‘Brands are fiendishly complicated, elusive, slippery, half-real, half-virtual things. When CEOs try and think about brands, their heads hurt.’
Paris can induce such a severe state of shock in unwary visitors that they need to be hospitalized. In 2012 Paris was named the most desirable tourist destination, and the world's most visited city.1 Americans have been in love with Paris for centuries. Thomas Jefferson said: ‘A walk about Paris will provide lessons in history, beauty, and in the point of Life.’ The Irish wit, Oscar Wilde, quipped: ‘When good Americans die they go to Paris.’ It doesn't always end so happily. So great is the reputation and expectation of Paris that the brash, bustling and often rude reality of modern Paris can induce a nervous breakdown. ‘When the idea they have of the country meets the reality of what they discover it can provoke a crisis,’ Hervé Benhamou, a psychologist, told Le Journal du Dimanche.2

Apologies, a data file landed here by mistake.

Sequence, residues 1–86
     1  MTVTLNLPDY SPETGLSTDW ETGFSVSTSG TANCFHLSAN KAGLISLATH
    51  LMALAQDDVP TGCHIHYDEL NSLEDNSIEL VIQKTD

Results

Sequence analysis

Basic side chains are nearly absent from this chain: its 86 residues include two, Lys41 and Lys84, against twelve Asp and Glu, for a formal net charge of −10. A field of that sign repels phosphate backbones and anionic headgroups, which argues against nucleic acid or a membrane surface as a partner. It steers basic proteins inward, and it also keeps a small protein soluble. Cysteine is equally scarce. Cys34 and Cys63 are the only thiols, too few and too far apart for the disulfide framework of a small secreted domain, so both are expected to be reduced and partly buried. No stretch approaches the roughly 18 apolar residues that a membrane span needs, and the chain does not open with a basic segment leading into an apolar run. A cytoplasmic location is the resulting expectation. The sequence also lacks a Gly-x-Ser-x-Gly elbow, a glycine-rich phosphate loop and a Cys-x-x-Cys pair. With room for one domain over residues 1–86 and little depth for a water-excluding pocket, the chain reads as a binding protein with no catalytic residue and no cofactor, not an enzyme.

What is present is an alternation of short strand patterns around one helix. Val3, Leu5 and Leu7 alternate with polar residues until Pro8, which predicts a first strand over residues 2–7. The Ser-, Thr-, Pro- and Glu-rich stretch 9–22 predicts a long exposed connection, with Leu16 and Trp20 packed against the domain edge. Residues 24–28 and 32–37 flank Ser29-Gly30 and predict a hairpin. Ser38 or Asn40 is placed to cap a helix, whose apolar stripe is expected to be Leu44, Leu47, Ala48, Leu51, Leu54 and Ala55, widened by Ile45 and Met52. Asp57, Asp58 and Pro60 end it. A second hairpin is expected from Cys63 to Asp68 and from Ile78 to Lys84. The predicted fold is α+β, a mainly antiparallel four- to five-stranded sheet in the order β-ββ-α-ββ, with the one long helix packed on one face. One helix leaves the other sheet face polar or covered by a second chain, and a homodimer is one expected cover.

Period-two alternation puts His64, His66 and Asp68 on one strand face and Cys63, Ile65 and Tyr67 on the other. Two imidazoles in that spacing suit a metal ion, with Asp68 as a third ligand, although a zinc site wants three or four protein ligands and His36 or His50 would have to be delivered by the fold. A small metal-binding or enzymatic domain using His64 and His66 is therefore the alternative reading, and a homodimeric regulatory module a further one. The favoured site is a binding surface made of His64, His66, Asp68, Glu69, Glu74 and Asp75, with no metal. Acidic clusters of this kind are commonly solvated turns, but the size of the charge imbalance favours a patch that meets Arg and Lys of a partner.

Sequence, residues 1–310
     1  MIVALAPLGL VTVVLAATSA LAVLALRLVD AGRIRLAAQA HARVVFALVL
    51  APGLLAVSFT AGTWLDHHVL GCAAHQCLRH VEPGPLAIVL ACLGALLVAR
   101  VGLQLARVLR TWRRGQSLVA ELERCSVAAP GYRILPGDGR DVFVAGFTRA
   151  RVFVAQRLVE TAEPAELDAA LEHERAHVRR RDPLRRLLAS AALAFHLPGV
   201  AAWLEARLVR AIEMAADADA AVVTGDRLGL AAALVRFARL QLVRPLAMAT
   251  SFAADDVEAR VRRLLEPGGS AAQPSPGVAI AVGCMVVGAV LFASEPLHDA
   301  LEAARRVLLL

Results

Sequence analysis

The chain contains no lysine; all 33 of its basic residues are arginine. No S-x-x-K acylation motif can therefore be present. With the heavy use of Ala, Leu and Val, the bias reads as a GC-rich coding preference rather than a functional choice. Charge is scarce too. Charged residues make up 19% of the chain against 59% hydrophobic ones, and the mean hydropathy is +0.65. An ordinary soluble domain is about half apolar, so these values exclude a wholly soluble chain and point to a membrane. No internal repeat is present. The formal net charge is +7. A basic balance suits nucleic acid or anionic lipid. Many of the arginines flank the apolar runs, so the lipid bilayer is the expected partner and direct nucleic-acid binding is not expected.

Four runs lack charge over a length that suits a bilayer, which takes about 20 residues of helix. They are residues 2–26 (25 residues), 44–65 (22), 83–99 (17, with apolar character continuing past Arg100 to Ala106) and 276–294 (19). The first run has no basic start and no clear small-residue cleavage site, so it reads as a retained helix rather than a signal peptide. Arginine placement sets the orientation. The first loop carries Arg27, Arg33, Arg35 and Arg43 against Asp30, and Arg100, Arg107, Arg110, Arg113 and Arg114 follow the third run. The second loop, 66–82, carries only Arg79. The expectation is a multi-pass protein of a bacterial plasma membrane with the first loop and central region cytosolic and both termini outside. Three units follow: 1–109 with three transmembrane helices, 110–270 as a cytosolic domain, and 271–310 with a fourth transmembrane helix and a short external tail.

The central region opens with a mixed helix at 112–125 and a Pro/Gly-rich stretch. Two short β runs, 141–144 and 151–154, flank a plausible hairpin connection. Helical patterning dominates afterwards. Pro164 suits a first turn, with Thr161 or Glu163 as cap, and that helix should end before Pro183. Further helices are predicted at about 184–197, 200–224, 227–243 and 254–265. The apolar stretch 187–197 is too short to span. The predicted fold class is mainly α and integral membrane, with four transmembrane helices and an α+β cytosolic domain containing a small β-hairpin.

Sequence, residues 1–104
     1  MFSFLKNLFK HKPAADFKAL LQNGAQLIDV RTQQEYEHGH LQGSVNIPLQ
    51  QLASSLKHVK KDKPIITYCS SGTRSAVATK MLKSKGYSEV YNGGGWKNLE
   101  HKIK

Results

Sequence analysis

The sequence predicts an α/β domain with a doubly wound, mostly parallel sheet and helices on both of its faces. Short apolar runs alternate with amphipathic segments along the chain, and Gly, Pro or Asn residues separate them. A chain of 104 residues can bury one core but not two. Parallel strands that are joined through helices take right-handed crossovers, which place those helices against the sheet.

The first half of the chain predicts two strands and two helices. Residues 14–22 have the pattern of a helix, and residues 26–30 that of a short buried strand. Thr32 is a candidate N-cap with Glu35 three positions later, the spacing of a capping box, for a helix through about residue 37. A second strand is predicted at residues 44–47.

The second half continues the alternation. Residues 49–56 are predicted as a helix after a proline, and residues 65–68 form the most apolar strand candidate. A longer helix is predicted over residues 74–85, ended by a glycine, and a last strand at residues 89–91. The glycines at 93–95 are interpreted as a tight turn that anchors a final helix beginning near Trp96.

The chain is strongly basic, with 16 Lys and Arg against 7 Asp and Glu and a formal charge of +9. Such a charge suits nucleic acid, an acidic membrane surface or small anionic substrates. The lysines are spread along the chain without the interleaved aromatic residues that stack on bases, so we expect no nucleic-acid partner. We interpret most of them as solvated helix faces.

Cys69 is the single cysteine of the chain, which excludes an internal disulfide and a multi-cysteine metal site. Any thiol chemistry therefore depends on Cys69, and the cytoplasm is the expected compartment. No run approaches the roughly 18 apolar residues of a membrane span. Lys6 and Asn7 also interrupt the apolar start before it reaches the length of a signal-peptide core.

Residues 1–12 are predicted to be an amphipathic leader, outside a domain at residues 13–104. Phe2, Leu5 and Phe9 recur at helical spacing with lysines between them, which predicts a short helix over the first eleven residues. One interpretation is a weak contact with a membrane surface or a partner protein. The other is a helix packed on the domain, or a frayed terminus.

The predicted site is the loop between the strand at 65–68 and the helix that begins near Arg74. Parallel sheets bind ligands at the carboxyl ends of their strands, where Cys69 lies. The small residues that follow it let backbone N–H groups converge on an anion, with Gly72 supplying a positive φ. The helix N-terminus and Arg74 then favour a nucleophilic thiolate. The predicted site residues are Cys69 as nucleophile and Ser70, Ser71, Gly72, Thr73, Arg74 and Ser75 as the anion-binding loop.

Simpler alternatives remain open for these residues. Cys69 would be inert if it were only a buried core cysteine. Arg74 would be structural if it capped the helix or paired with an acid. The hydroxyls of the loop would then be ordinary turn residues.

Every year around 20 Japanese tourists suffer from this strange form of psychiatric shock. It was first diagnosed in 1986 by Professor Hiroaki Ota, a Japanese psychiatrist working in France. So regular has this become, that the condition has been given a name, ‘Paris Syndrome’.3 The immediate symptoms are described as giddiness and shortness of breath. Thereafter the sufferer falls into a deep depression for which the only cure appears to be repatriation to Japan. The cause according to Mario Renoux, the ...